Since manufacturers who use mosaic sensors effectively quote an interpolated figure for their colour resolution though, Sigma and Foveon feel justified in also quoting an interpolated figure for the X3 sensor: a considerable 39 Megapixels with a Super High quality mode doing the interpolation for you to generate an image with 7680×5120 pixels. Revealingly the Super High quality option is only available for JPEGs, not RAW files. It is however possible to develop RAW files in-camera and output a Super High quality JPEG, so my advice would be to ignore the Super High quality option when shooting and just generate one later from a native RAW file if desired. To see if the Super High mode actually resolved any finer detail than the native High mode, I compared two images in detail in my Sigma DP1 Quattro quality page – here’s a quick preview showing 100% crops from each image, but be sure to check out my results pages!
Sigma DP1 Quattro JPEG at f5.6
High Quality (5424×3616 Native resolution)
Sigma DP1 Quattro JPEG at f5.6
Super High Quality (7680×5120 Interpolated res)
100% crop, f5.6, 100 ISO
100% crop, f5.6, 100 ISO
So the DP1 Quattro offers three recording sizes in the 3:2 shape: the native 5424×3616, a lower 2704×1808, and the interpolated 7680×5120. You can record these as JPEGs with three levels of compression, or if you want a RAW file you’ll only be recording at the native resolution, albeit with 14 bits of tonal detail. Five aspect ratios are also available: 1:1, 4:3, 3:2 (native), 16:9, and an unusually wide 21:9. All aspect ratios wider or narrower than 3:2 are simply cropped from the native 3:2 image. You can see examples of the different aspect ratios below, and notice how they’re cropped from the 3:2 native image in the middle.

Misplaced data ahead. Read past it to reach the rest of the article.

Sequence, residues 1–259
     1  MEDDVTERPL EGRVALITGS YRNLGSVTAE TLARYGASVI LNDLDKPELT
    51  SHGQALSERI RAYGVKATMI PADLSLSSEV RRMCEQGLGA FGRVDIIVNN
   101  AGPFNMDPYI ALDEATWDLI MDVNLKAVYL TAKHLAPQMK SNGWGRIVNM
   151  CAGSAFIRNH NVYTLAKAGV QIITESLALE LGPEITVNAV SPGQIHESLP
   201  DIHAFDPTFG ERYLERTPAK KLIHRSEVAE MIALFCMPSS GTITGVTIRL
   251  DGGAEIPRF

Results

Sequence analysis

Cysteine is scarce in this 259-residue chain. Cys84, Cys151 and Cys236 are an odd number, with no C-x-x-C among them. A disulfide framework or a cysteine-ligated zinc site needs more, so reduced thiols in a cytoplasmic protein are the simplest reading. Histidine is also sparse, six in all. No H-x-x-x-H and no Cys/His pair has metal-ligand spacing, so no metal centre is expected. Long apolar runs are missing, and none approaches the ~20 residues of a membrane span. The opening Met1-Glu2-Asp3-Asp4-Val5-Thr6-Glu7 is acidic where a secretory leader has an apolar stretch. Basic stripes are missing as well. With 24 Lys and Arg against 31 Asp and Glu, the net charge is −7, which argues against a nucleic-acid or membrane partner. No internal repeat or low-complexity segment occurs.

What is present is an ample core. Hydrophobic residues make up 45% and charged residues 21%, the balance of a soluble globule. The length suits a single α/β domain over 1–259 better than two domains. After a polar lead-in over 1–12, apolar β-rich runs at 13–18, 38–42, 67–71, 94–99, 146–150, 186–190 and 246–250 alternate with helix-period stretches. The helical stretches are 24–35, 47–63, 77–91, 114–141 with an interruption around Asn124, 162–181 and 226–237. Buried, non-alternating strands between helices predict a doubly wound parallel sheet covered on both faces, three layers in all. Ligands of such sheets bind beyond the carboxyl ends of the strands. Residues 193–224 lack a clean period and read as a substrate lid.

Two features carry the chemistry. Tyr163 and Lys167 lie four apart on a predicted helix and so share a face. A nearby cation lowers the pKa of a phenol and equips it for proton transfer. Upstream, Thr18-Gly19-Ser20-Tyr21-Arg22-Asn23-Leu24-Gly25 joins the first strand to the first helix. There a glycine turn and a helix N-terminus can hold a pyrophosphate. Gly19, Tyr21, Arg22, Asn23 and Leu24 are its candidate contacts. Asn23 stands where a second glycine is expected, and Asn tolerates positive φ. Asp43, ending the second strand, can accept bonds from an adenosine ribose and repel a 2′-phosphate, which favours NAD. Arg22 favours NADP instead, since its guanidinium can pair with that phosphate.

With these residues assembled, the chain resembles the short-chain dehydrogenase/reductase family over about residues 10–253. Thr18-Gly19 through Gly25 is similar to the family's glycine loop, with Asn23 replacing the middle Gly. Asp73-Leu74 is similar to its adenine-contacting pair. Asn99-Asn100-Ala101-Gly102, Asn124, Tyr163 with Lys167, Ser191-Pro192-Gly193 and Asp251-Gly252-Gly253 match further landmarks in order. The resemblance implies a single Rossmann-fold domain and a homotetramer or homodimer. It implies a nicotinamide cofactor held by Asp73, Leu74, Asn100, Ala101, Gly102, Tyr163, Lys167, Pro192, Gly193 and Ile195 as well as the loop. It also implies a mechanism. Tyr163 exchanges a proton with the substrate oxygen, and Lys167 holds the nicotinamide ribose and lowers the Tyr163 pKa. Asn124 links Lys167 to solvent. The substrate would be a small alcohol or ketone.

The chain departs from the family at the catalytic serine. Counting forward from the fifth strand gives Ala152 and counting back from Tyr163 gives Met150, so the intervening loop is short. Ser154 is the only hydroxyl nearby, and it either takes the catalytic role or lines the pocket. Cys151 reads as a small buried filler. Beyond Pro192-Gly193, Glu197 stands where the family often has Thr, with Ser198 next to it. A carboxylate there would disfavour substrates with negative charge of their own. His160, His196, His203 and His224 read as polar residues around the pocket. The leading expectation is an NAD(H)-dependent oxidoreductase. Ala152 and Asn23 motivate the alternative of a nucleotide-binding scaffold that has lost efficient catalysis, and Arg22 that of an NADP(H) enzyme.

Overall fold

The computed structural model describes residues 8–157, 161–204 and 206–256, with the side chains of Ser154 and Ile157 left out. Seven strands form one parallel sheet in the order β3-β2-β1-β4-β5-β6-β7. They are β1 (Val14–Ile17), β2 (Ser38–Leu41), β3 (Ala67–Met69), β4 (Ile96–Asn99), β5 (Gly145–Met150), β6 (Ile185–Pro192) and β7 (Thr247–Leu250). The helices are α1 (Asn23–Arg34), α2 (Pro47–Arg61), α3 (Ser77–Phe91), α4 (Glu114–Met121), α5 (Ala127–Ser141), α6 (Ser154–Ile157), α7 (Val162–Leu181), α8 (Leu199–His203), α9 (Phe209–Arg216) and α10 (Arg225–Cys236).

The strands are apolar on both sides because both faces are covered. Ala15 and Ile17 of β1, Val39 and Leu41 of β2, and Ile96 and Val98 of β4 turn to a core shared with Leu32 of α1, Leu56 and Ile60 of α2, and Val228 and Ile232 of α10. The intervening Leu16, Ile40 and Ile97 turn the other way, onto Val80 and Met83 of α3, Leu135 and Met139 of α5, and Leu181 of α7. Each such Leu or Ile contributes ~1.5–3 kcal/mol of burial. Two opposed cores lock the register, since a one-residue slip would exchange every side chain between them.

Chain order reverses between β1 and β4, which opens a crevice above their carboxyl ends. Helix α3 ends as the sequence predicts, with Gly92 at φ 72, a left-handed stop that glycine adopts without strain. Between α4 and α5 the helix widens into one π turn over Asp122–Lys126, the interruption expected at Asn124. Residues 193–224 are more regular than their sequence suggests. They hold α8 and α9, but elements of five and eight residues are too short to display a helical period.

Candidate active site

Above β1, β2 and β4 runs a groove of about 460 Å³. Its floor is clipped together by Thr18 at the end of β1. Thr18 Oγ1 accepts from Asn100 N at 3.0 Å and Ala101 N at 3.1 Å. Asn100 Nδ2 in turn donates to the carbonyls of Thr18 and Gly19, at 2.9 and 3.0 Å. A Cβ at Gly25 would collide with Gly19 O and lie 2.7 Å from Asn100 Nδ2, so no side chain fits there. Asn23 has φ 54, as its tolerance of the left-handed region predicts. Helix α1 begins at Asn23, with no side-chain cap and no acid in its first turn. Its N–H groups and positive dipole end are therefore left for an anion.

The camera menus let you choose from a selection of Colour Modes: Standard, Vivid, Neutral, Portrait, Landscape, Cinema, Sunset Red, Forest Green, FOV Classic Blue, FOV Classic Yellow and Monochrome, the latter with a choice of filter options. There’s also a Tone Control option (Mild, Strong or off), and the chance to correct Purple Fringing in-camera. The default is the Standard Colour Mode, Mild Tone Control and with Purple Fringing correction disabled, so that’s what I used for all my sample images, although I’ve implemented the fringing correction for some of my results where stated. In the meantime, here’s how the three Tone Control options look in practice.